How to Make Networking Events Less Stressful
Can you think of anyone you know who actively seeks out networking opportunities? If you’re an introvert, this may seem unbearably awkward and uncomfortable for you.
You recognize, however, the importance of networking to your professional success, whether your goal is to advance your current position or to launch a new venture. Developing strong networking abilities is crucial for professional success. So, what can be done to alleviate the pressure?
You can get more out of your network by using these suggestions, and who knows, maybe you’ll even love it!
- Do your homework.
Sometimes, we hate things that we do not understand. Appreciating the event and being grateful for that opportunity is a great start. And of course, to fully understand the event, we have to do our homework. Networking can be a great opportunity if you do your homework and know what to expect.
You wouldn’t go into a job interview or a crucial meeting without making the necessary preparations, would you? Do not approach networking events differently. Investigate the event, the organizers, and the attendees as thoroughly as possible. Learn as much as you can about the event’s organizers from their website, and come up with at least a couple of conversation starters to ease the ice with other attendees.
- Find yourself a role.
Try to think of a way you can provide your assistance if it’s appropriate. If you hold an official position you already have an excuse to talk to others. Make sure to get in touch with the event planners in advance, although it’s possible they may need some help with tasks like registering attendees and distributing welcome packets. You may volunteer to take pictures or live-tweet the event. In the event of a question and answer session, you could assist in passing the microphone.
As you offer to help, do not forget to smile. No matter how shy you are, remember that everyone appreciates a friendly face. Smile at the people you meet, and be genuinely interested in what they do. When you’re talking to someone, think about how you can help them, rather than what they can do.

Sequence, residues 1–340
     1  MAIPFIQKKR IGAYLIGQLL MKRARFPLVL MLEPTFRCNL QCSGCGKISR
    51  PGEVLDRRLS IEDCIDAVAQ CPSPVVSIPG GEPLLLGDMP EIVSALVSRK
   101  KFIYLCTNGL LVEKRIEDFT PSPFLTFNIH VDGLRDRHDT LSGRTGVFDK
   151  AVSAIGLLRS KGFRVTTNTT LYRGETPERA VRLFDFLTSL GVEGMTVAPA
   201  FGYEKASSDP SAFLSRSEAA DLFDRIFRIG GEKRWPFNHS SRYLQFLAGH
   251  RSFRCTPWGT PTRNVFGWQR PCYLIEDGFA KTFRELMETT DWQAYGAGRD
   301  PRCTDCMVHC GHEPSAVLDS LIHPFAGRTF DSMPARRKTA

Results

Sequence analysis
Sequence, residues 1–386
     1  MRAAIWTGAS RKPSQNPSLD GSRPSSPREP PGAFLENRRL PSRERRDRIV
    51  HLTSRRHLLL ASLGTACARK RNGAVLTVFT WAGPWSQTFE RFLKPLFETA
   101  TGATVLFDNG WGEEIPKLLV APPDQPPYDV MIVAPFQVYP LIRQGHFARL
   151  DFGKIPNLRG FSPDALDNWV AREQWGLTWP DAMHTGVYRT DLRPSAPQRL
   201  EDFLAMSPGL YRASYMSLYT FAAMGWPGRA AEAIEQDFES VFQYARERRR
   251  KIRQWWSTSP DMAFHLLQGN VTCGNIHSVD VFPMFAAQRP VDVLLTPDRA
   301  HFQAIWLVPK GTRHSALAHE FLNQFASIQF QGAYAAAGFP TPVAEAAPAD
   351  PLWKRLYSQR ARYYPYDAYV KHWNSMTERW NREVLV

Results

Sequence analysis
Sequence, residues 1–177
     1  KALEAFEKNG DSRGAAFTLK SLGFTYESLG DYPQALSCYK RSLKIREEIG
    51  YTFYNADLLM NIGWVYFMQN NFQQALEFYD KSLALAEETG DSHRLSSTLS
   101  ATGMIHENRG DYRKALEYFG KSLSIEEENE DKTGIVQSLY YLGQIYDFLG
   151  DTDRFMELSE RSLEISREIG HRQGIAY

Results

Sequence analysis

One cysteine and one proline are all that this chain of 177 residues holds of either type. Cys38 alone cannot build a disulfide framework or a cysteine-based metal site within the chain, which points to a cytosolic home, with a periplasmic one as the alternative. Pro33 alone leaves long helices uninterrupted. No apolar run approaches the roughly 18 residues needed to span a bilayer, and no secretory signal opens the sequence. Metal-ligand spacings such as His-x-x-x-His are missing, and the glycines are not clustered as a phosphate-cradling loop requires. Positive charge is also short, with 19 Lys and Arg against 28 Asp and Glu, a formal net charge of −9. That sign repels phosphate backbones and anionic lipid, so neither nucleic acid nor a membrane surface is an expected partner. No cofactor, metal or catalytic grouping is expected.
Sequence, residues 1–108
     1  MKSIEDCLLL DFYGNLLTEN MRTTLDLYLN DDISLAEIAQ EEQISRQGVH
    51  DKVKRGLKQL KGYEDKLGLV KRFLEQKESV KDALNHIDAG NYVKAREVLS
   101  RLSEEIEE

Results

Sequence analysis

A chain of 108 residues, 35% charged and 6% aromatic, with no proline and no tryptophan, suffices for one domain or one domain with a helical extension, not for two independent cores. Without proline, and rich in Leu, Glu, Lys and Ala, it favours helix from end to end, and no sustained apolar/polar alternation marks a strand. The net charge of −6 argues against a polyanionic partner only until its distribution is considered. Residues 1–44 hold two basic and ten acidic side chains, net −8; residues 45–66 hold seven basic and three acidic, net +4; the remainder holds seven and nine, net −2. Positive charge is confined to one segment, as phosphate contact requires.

- Take a friend.
It’s not necessary to attend networking events alone on your own. Inviting a friend or co-worker to share the knowledge would make you feel much better. If you’re around other people, you’ll feel more comfortable striking up conversations, and you’ll probably appear friendlier as well.
- Find the key networker.
Thankfully, there are people who are good at connecting and interacting with others. Make use of it. If you’re feeling overwhelmed, try to find an extrovert who’s natural at making connections and can help you out. There will always be one or two persons in a large group who take pleasure in mingling with others. Determine who it is and get the rewards of their favorable networking. If you follow in their footsteps, you’ll quickly feel at home within the group.
- Turn it into a game.
Perspective is powerful. If we put in our mind that networking is such a heavy task, it will really be heavy for us. But if we change our perspective and look at it in a positive way, it will definitely ease our task. Turning networking into a game is one way to relieve pressure and have fun. Do yourself a favor and develop a to-do list or a bingo card of things you want to accomplish before you leave. You can set a target of meeting two new people, distributing five business cards, or adding three new connections on LinkedIn as part of your networking strategy.
When you Network with Gratitude, you take the focus off of yourself and your own objectives and instead shift it to the other person. Asking questions about their work, their life, or their interests shows that you care about them as a person – not just as a potential business
Networking events provide an opportunity for you to listen and learn about other people and what they do.
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